We can relatively more reliably judge someone within moments though, if the situation we’re judging the person by is relevant to the attribute we’re judging them on (e.g. how well they cope with stress if seeing them in a challenging situation) or if we are judging them on an attribute that usually (but note – not always) reliably reflects outwardly on their appearance (e.g. their sexuality). Judging any deeper attribute requires deeper analyses that take time and seeing them in a wide variety of different contexts, hence try not to prematurely jump to any fuzzy conclusions.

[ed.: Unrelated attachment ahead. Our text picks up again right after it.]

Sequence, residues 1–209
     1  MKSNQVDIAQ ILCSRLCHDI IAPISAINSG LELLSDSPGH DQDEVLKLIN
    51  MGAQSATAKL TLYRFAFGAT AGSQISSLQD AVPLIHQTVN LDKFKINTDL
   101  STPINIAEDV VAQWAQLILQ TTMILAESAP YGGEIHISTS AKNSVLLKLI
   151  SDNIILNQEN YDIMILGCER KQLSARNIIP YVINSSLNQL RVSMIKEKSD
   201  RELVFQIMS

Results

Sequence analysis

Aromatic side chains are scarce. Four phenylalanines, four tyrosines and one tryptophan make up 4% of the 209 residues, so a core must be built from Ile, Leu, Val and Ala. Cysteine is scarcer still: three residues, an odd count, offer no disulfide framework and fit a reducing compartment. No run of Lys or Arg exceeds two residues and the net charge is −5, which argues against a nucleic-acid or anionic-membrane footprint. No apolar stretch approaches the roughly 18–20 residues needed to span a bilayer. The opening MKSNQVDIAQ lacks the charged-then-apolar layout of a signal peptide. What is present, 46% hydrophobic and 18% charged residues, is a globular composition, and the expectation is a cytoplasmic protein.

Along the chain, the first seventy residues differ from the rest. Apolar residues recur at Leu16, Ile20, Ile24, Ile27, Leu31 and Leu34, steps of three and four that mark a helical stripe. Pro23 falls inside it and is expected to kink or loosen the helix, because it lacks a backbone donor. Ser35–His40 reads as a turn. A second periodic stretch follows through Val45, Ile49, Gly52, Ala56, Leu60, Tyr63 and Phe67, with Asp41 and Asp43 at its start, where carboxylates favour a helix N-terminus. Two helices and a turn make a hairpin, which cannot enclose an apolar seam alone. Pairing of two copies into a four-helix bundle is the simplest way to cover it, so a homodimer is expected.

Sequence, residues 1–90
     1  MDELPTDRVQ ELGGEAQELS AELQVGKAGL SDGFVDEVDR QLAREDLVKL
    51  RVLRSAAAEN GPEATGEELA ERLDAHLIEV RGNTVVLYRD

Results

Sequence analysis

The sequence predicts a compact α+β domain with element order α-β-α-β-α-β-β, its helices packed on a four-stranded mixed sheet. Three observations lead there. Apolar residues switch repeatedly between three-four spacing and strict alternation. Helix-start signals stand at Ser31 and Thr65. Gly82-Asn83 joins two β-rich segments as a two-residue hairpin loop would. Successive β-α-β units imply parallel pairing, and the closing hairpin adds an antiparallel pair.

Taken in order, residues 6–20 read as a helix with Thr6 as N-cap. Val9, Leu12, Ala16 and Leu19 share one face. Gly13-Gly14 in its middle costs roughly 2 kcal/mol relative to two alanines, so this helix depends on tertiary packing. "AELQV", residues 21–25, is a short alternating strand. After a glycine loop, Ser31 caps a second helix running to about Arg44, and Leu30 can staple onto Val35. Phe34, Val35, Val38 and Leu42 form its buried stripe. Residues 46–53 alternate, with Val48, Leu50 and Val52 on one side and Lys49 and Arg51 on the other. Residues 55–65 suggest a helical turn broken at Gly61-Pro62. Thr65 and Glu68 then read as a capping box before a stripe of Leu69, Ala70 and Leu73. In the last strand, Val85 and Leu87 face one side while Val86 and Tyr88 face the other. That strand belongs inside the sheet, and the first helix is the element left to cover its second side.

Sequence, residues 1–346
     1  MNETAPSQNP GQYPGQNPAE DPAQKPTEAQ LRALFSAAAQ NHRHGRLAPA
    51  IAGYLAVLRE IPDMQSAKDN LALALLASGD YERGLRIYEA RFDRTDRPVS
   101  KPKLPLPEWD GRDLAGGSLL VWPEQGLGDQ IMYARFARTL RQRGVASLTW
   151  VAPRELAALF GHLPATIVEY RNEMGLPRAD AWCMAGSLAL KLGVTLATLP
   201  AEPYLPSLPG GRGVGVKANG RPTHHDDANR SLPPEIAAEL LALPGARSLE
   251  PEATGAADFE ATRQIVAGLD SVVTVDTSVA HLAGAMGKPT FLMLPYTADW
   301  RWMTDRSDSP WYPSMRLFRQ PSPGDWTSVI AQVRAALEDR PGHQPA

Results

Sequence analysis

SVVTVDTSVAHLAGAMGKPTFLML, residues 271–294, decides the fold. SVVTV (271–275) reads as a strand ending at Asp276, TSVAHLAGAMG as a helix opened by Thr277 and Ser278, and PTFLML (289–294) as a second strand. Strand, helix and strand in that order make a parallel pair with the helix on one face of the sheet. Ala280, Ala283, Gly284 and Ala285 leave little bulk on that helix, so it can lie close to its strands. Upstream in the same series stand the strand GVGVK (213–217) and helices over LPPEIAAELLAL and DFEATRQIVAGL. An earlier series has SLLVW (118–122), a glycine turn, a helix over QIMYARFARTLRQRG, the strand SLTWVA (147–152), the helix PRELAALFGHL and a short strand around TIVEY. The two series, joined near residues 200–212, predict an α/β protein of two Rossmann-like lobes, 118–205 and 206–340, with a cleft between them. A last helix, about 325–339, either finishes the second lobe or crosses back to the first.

In this mobile, fast-moving world today though, moments of contact with people are often extremely fleeting, and so first impressions may be all we get (before someone e.g. swipes left or right!) Commercial adverts are typically no more than a minute long or a poster may only be seen for no more than a second when one is driving past, and that’s one reason why advertisers want to associate their products and brands with attractive people and settings who or that make a desirable first impression – even though those things have nothing to do with what’s actually inside those products!